Apply Pliobond to the acid brush and then into the crankcase cavity. With a piece of paper covering the shaft, you can use an acid brush to apply Pliobond all the way around inside the cavity.

Next comes the big stretch. Looking at the solid seal, then looking at the flange, you’ll swear that there is no way one will stretch over the other—but it works! The first step is to remove the spring. You are going to be giving the rubber quite a workout, and you don’t want to damage this critical component, so unhook it and carefully set it aside. Don’t lose your grip, or you’ll be looking all over your shop for the devil. This is where having two seals (one split, one not, but both with a spring) in the kit is useful. Trust me—you might just need that extra spring! I like to heat the seal to the temperature of boiling water to make it just a little more stretchy, but I have never measured the stretch either way, and I have seen engine builders do this cold. So if it makes you feel better, boil it and apply it hot. If not, do it cold.

Put your pin through a bolt flange, then hook the seal over both the forward and back ends of the pin. Make sure that the seal is front face up so that it will end up going on the correct direction. Now slip your stretching tool (see sidebar) into the seal, seat it on the flange, and begin working it around. You’ll have to pop the seal over the rest of the bolt flanges, as well as the front end of the crankshaft—and while it seems impossible, it will actually work. Once you get halfway around, you’re at maximum stretch, and it gets easier from there. As it pops into place behind the prop flange, you’re allowed to congratulate yourself; you’ve now done a real, honest Lycoming assembly task!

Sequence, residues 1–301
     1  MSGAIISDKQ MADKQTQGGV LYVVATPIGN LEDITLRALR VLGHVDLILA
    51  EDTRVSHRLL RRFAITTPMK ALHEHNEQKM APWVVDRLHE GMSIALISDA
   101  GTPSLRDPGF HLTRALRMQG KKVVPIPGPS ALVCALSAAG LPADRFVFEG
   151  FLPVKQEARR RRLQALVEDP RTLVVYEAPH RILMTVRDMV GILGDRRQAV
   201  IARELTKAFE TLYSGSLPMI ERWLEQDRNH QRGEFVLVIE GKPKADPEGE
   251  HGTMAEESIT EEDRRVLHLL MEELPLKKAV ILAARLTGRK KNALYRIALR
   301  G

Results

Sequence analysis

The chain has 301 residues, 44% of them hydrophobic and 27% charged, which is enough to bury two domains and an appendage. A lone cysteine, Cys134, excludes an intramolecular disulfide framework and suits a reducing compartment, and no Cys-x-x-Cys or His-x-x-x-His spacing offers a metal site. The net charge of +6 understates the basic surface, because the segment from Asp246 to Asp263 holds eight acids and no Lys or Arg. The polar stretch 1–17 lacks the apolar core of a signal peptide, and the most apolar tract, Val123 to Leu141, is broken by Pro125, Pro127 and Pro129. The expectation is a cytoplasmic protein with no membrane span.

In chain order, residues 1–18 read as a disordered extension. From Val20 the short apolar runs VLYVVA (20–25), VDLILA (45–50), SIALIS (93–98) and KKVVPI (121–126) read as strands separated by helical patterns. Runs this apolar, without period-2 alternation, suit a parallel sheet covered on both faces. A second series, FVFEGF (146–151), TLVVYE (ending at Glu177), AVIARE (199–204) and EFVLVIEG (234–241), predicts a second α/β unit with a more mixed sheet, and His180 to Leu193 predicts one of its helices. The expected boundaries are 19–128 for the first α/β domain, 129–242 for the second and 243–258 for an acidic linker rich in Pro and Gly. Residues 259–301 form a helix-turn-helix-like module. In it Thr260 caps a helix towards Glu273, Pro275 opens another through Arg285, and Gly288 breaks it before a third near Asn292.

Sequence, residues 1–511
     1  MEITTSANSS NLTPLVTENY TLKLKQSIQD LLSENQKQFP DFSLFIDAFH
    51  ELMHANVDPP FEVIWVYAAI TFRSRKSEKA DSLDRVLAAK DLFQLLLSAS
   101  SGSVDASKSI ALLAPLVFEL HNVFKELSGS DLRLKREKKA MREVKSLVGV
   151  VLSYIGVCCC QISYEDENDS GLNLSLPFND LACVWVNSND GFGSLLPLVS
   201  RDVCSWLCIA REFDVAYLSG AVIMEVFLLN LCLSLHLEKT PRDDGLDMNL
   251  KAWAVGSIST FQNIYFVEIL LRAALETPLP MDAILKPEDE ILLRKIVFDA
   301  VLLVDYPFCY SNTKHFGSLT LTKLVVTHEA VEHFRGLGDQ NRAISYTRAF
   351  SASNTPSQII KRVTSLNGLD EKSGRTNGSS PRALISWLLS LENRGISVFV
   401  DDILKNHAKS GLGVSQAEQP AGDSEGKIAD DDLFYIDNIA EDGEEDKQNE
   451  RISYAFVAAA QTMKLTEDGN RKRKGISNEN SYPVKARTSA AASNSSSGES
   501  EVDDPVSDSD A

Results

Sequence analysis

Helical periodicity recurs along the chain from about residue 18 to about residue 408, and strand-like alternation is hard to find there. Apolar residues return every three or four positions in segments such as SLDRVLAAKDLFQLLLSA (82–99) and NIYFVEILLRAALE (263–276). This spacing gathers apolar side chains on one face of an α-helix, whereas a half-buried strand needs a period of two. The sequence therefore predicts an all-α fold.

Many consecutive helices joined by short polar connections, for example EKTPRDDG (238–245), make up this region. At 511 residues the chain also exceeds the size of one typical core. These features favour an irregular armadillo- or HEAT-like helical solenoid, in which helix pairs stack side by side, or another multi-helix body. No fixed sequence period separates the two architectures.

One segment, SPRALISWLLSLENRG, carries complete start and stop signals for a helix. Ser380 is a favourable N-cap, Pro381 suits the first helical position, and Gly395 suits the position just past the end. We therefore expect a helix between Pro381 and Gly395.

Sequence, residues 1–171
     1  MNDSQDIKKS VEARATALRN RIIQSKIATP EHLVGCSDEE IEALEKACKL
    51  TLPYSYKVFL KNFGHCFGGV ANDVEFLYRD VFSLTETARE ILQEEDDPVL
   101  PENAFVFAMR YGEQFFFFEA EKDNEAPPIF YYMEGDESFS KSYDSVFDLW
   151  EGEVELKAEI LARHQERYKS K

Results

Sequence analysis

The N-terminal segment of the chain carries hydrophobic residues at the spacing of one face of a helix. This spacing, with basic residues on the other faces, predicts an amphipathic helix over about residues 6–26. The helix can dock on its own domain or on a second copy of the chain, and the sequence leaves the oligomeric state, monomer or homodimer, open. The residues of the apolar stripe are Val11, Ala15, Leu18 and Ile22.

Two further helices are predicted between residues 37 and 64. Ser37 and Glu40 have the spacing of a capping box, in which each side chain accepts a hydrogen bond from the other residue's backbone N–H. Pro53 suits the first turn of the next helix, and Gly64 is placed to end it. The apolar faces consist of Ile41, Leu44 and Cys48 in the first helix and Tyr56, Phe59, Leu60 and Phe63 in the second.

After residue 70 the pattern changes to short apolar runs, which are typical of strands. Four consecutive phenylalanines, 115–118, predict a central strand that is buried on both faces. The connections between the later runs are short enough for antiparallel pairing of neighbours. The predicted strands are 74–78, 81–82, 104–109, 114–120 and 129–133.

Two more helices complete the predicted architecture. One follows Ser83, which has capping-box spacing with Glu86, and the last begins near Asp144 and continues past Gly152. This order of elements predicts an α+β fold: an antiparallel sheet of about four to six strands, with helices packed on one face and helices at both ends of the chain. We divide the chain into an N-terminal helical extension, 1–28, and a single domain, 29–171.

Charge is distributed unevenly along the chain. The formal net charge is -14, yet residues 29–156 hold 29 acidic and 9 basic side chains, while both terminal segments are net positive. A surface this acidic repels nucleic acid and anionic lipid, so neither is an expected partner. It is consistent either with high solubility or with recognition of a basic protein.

(Left) Beginning to stretch the seal. The pin holds it in place, and the homemade stretching tool works it over the flange. (Center) Note the groove in the bottom of the tool—this centers it on the flange. You have to manually work the seal over the boss on the front of the flange. (Right) Almost finished with the big stretch—the hard part is over.

The service instruction recommends a little grease to get the seal over the flange, but I have found that it works fine without and eliminates any possibility of contaminating the adhesive surfaces with something that will definitely cause a bond failure. You can do it with grease, but then you’ll have to get the acetone out again to clean the seal. And good luck not getting solvent on the recently applied glue in the bore. Remember—the quality of this bond is what is going to keep the seal in place and prevent you from doing this all over again.

Spring Time

Next up is installing the spring. It’s easy to forget this in the glow of success of stretching the seal. It’s also easy to launch the spring into parts unknown if you’re not careful, so keep a good grip. Hook it behind the seal, then use a couple of dental picks to ease it into the groove in the seal. Once again, inspect all the way around; it might not be in place behind the shaft where you can’t see.

Once again, take out the adhesive and apply it evenly to the outside of the seal. The seal has grooves on the outside to better hold the adhesive. Make sure not to get adhesive on the crankshaft or the sealing lip of the rubber part. Let this dry, and you’ll be ready for the final step: pushing the seal into place.

(Left) With the new seal on the shaft, install the spring, clipping the two ends together, then moving it into the groove on the back of the seal. (Right) The seal is ready to install, with Pliobond in the crankcase nosepiece and on the outside of the seal.